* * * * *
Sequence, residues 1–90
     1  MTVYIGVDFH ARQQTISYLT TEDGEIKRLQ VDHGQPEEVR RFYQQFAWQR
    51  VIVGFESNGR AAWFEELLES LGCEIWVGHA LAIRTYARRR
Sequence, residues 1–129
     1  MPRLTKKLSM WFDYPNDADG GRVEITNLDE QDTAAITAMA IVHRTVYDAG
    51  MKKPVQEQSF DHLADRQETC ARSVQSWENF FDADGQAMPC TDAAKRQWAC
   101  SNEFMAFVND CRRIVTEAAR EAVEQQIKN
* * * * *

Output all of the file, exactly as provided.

Sequence, residues 1–90
     1  MTVYIGVDFH ARQQTISYLT TEDGEIKRLQ VDHGQPEEVR RFYQQFAWQR
    51  VIVGFESNGR AAWFEELLES LGCEIWVGHA LAIRTYARRR
Sequence, residues 1–129
     1  MPRLTKKLSM WFDYPNDADG GRVEITNLDE QDTAAITAMA IVHRTVYDAG
    51  MKKPVQEQSF DHLADRQETC ARSVQSWENF FDADGQAMPC TDAAKRQWAC
   101  SNEFMAFVND CRRIVTEAAR EAVEQQIKN